Hillary Clinton

Jacob Ryan/WFPL

Leigh Anne Kleitz spent her Saturday talking politics at TK’s Pub.

She joined a few dozen other people at the Fern Creek bar to rally support for Republican presidential candidate Donald Trump.

J. Tyler Franklin/WFPL News, cropped

Republican Donald Trump and Democrat Hillary Clinton face off in the final presidential debate Wednesday night at the University of Nevada, Las Vegas.

This election has been particularly noisy.

But when all the Twitter storms and heated exchanges (maybe) fade away after Nov. 8, the issues that affect real voters will remain.

With that in mind, we set out to create a cheat sheet on where each candidate stands on the issues voters care about most. The issues we chose to highlight come from the top 10 issues voters said were "very important" to their vote, according to a 2016 poll from the Pew Research Center.

Nicole Erwin, WKMS

A leaked email shows the Hillary Clinton campaign tried to get the Illinois presidential primary moved to a later date.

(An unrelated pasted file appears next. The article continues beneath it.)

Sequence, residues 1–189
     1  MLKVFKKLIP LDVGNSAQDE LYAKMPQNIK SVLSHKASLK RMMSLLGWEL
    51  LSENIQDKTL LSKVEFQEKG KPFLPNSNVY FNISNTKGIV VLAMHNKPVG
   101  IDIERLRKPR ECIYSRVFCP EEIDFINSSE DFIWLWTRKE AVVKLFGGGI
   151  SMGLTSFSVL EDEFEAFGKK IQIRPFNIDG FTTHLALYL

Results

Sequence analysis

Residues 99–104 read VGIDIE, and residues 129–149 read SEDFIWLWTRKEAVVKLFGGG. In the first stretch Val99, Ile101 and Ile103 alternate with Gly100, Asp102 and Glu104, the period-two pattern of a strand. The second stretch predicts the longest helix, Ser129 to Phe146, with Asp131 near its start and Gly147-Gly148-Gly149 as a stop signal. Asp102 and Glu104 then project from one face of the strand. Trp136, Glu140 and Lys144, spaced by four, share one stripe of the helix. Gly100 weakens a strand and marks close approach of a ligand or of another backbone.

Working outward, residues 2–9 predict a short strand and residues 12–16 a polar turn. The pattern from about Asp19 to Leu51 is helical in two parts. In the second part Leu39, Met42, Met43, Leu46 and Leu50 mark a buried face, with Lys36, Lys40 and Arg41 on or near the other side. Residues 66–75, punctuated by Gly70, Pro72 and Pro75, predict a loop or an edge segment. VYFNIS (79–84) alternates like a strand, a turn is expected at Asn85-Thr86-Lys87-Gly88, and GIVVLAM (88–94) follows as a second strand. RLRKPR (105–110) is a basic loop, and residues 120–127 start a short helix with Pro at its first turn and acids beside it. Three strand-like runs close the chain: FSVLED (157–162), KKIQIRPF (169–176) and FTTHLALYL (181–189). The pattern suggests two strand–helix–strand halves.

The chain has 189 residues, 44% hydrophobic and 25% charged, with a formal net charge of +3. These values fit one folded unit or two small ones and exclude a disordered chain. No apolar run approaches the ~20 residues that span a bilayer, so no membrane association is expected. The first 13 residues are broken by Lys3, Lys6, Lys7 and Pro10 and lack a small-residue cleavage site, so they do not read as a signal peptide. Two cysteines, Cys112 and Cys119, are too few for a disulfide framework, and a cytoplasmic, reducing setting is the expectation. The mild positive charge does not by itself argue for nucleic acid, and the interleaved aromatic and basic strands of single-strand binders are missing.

The campaign believed such a delay might stop momentum for a moderate Republican candidate after the Super Tuesday primaries. 

A person who’s spent decades keeping his finger on the pulse of Kentucky politics doesn’t anticipate weekend revelations about Donald Trump to greatly erode his support in the Commonwealth.  The effect on GOP efforts to take over the Kentucky House appear a little more uncertain.

Rob Canning, WKMS

As a growing number of Republican leaders give up on the party's presidential nominee, U.S. Senate Majority Leader Mitch McConnell is taking a different tack: He's ignoring Donald Trump.

Allan Swart, 123rf Stock Photo

Hear the debate tonight at 8 p.m. LIVE on WKMS.

Republican Donald Trump and Democrat Hillary Clinton face off in the second presidential debate Sunday night at Washington University in St. Louis, Missouri.

The controversial whistleblower organization WikiLeaks on Friday released emails that they say are linked to Hillary Clinton campaign chairman John Podesta.

Little has gone as expected in this extraordinary presidential cycle, so we should have known Tuesday's vice presidential debate would have a twist or two in it, too.

Virginia Sen. Tim Kaine and Indiana Gov. Mike Pence each represented three clients in their 90-minute debate from Farmville, Va. The two former attorneys pleaded the case for their respective principals (Hillary Clinton and Donald Trump), to be sure, but also for their respective parties and for themselves.

official photos

Democrat Tim Kaine and Republican Mike Pence square off in the vice-presidential debate Tuesday night.